Frederick Douglass lived a remarkable life. Born in 1818 on Maryland's Eastern Shore, his mother was a slave, his father an unknown white man. Eventually he was sent to Baltimore where he worked as a ship's caulker in the thriving seaport. He made his dash to freedom from there in 1838. His ability to eloquently articulate the plight of the slave through his various publications and public speeches brought him international renown.




Become a Historical Scene Investigator on this case...



Become a Historical Scene Investigator on this case...




We expect people to look different. And why not? Like a fingerprint, each person is unique. Every person represents a one-of-a-kind, combination of their parents’, grandparents’ and family’s ancestry. And every person experiences life somewhat differently than others.

Differences… they’re a cause for joy and sorrow. We celebrate differences in personal identity, family background, country and language. At the same time, differences among people have been the basis for discrimination and oppression.



You are a slave. You belong to a farmer who owns a tobacco plantation on the eastern shore of Maryland. Six long days a week you tend his field. But not for much longer . . .


What will you do? Make your choices well as you embark on your journey to freedom.

The Atlantic Slave Trade...



Mission US is a multimedia project that immerses players in U.S. history content through free interactive games.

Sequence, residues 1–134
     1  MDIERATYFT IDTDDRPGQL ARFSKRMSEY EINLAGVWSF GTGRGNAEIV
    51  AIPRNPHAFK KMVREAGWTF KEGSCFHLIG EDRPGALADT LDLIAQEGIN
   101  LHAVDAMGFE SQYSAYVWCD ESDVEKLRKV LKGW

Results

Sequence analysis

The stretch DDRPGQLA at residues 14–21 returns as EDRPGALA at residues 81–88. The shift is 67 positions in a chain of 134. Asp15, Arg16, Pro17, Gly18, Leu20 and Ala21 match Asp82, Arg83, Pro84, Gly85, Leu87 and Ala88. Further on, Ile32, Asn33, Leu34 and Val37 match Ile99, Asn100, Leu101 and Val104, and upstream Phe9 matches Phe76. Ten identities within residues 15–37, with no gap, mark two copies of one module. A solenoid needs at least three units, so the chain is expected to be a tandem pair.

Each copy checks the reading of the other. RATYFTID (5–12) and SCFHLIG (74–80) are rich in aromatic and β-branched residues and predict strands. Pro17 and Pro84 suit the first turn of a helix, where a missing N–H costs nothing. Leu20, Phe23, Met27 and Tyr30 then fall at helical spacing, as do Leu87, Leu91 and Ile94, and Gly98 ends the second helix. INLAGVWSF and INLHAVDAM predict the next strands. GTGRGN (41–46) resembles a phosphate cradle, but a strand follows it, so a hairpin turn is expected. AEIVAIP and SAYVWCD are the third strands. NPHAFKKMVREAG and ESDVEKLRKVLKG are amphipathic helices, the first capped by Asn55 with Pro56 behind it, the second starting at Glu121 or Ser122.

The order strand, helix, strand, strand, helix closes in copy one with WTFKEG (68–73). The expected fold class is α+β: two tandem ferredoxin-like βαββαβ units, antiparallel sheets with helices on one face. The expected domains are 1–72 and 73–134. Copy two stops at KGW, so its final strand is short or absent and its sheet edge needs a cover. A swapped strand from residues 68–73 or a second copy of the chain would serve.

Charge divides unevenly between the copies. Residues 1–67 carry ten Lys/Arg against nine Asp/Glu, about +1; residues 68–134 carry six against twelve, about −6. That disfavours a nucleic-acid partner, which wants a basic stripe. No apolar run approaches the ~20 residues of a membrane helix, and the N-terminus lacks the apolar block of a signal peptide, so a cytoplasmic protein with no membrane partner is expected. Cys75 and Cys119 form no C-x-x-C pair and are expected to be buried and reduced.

In Mission 2: “Flight to Freedom,” players take on the role of Lucy, a 14-year-old slave in Kentucky.  As they navigate her escape and journey  to Ohio, they discover that life in the “free” North is dangerous and difficult. In 1850, the Fugitive Slave Act brings disaster. Will Lucy ever truly be free? 

8.71 Identify the conditions of enslavement, and explain how slaves adapted and resisted in their daily lives.


In which John Green teaches you about one of the least funny subjects in history: slavery. John investigates when and where slavery originated, how it changed over the centuries, and how Europeans and colonists in the Americas arrived at the idea that people could own other people based on skin color. Slavery has existed as long as humans have had civilization, but the Atlantic Slave Trade was the height, or depth, of dehumanizing, brutal, chattel slavery. American slavery ended less than 150 years ago. In some parts of the world, it is still going on. So how do we reconcile that with modern life?





Found Voices:  Slave Narratives, Part 1...
Harriet Tubman: "Spying on the Man" | SUNG HISTORY

You think you know this American hero, but trust me, you have no idea.

Grandma Moses freed over 700 slaves.

Narrative of the Life of Frederick Douglass - AudioBook...
Primary Documents and Supporting Texts to Read: excerpts from Uncle Tom’s Cabin, Harriet Beecher Stowe; excerpts from the Lincoln-Douglas Debates; excerpts from Roger Taney’s decision in the Dred Scott case; excerpts from The Autobiography of Frederick Douglass, Frederick Douglass.